Pennsylvania’s Speaker of the House-designee Mike Turzai won’t abandon his quest to get the state out of the liquor business.
“Not only does it move us to the 21st century, which it does, finally, but it has an important revenue projection attached to it,” Turzai said.
For the past several years, the former majority leader has led the charge to sell off the Pennsylvania Liquor Control Board, a plan he will push next year. But other liquor law discussions are evolving as the upcoming session’s priorities take shape. Some would aim to bring more money into the state system, while others would focus on making it easier for consumers to buy or transport alcoholic beverages.
Drew Crompton, chief of staff to Senate President Joe Scarnati, R-Jefferson County, said liquor laws, including privatization, are likely to be topics of conversation when lawmakers return in January. Preliminary discussions with the House Republicans have occurred, he said.
“It is certainly a potential revenue source and one we’ll continue to look at,” Crompton said. “We have a big contingent in our caucus that would like to make fairly substantial changes to current liquor laws.”
Turzai’s privatization bill passed the House in March 2013, but the Senate did not agree to it. Turzai, a Marshall Republican, estimates selling off the state system could raise $1 billion, although the amount would depend on license fees and the number purchased. Privatization, he said, could provide help in closing the state’s projected structural deficit of about $2 billion next fiscal year.
The state’s liquor business makes a profit and contributes an $80 million payment to the general fund each year, in addition to taxes. The LCB reported in September paying a record $526 million in liquor tax, sales tax and transfers to the state’s general fund.
Yet the LCB’s profitability is dwindling, said Budget Secretary Charles Zogby during his mid-year budget update. Estimates from the Office of the Budget show expenditures were projected to increase by 6 percent, while revenue was set to go up by only 3 percent.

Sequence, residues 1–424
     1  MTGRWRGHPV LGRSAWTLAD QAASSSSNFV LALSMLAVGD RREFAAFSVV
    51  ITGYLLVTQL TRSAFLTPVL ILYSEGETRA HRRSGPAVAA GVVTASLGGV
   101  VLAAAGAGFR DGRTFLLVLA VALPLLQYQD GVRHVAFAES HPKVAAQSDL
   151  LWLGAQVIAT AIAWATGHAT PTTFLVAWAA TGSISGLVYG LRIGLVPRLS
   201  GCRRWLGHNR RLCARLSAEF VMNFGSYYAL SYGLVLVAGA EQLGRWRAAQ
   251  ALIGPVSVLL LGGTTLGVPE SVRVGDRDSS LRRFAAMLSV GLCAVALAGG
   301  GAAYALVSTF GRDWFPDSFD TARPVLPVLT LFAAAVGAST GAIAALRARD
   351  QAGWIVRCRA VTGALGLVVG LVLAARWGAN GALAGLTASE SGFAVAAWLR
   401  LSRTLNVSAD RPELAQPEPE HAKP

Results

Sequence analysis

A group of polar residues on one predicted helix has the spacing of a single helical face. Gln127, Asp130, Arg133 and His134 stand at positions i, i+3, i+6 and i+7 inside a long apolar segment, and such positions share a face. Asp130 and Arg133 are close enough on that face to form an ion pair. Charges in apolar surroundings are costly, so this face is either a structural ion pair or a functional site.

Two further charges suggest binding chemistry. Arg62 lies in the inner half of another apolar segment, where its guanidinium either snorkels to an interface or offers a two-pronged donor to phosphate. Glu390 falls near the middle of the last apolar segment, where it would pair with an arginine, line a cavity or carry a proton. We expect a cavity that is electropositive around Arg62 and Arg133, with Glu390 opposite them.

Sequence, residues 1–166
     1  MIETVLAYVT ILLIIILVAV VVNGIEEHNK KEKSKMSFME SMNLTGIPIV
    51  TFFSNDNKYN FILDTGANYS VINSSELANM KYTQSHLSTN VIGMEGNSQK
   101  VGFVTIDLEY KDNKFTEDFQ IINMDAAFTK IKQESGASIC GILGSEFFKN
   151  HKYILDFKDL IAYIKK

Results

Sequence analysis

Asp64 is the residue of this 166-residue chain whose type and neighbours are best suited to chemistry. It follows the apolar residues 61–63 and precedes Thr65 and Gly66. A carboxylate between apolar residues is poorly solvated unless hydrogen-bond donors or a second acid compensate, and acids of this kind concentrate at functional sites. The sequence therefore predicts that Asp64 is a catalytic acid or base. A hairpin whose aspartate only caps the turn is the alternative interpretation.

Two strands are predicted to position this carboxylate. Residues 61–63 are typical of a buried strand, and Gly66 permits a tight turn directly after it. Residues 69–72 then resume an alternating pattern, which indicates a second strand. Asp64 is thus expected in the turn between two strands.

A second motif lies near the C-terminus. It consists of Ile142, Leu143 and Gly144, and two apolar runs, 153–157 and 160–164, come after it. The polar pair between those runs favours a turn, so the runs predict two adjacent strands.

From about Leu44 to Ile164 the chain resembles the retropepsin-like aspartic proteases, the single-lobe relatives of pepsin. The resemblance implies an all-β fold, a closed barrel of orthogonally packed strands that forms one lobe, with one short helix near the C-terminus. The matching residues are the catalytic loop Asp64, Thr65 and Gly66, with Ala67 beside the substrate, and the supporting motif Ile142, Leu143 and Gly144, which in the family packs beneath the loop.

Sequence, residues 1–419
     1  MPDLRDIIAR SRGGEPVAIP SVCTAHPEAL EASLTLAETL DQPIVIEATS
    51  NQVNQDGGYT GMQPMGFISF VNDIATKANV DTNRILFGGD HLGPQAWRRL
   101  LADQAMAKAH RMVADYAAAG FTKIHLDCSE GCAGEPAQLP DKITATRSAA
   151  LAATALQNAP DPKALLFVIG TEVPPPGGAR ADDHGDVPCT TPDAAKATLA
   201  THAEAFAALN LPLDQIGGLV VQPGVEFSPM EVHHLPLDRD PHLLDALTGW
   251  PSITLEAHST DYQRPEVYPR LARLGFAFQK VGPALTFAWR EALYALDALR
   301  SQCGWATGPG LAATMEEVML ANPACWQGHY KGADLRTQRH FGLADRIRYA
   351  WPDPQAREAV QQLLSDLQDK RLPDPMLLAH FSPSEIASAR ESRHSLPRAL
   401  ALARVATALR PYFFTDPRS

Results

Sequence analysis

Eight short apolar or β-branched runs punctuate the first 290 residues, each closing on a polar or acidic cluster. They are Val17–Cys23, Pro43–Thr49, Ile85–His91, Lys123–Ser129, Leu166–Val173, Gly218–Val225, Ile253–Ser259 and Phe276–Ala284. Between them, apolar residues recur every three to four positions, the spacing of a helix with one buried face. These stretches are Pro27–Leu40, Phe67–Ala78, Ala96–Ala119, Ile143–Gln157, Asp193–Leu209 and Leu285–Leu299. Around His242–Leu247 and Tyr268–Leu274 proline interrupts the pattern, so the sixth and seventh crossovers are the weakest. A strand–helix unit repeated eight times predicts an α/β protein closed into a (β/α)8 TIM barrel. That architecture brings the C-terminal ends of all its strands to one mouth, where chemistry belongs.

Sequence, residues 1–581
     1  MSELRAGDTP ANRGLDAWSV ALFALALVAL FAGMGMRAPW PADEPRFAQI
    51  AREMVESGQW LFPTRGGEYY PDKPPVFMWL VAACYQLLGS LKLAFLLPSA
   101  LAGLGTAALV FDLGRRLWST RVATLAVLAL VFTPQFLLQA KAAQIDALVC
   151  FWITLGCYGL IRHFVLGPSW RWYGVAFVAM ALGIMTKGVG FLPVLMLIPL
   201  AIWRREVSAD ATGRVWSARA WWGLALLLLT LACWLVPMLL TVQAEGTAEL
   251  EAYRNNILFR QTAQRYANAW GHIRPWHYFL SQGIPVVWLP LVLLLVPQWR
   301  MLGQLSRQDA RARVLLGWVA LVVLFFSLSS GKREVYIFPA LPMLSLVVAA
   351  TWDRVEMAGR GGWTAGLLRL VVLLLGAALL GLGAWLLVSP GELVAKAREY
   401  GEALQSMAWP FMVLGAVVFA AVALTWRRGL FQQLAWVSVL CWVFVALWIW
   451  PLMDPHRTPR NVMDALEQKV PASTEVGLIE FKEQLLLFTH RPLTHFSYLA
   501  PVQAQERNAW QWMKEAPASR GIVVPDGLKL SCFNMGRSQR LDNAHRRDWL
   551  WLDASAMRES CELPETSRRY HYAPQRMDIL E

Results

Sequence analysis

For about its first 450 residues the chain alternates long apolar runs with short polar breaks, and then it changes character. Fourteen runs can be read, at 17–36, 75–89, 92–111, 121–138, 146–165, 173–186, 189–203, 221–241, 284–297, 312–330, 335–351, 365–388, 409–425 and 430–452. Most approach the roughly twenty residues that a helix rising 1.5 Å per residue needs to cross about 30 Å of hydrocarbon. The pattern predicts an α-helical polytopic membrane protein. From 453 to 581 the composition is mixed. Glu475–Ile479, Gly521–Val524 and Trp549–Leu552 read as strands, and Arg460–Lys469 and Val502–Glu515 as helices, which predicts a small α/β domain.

Gov.-elect Tom Wolf, a Democrat, is among those hoping to increase the LCB’s profits.
“Gov.-elect Wolf supports modernization of the state’s liquor stores, which can produce new revenue that can be used to fund vital programs while preserving good-paying, middle-class jobs,” said spokesman Jeff Sheridan.
Such efforts could include relaxing Sunday sale limitations, ensuring competitive pricing against other states, expanding the number of state stores in supermarkets and allowing direct shipment of wine and spirits.
In a co-sponsor memo to other senators, Sen. Larry Farnese, D-Philadelphia, said allowing residents to order wine would bring state law into compliance with a Supreme Court decision that said a state can’t treat in-state or out-of-state wineries differently when it comes to shipments.
“The bill is meant to expand consumer choice while still enabling Pennsylvania wineries to maintain their ability to sell direct to consumers, which makes up a considerable amount of sales for many of them,” Farnese said in the memo.
Teed up for next year is a proposal from Sen. Dominic Pileggi, R-Delaware County, that would make it legal for Pennsylvanians to bring alcohol into the state purchased elsewhere. Under law, “bootleggers” who cross the border to buy alcohol can be subject to a fine of $10 per bottle of beer or $25 per bottle of liquor.
So far, the bill has three co-sponsors, according to Pileggi’s staff.
A similar proposal was introduced in the House last session.
Melissa Daniels is a Trib Total Media staff writer. Reach her at 412-380-8511 or [email protected].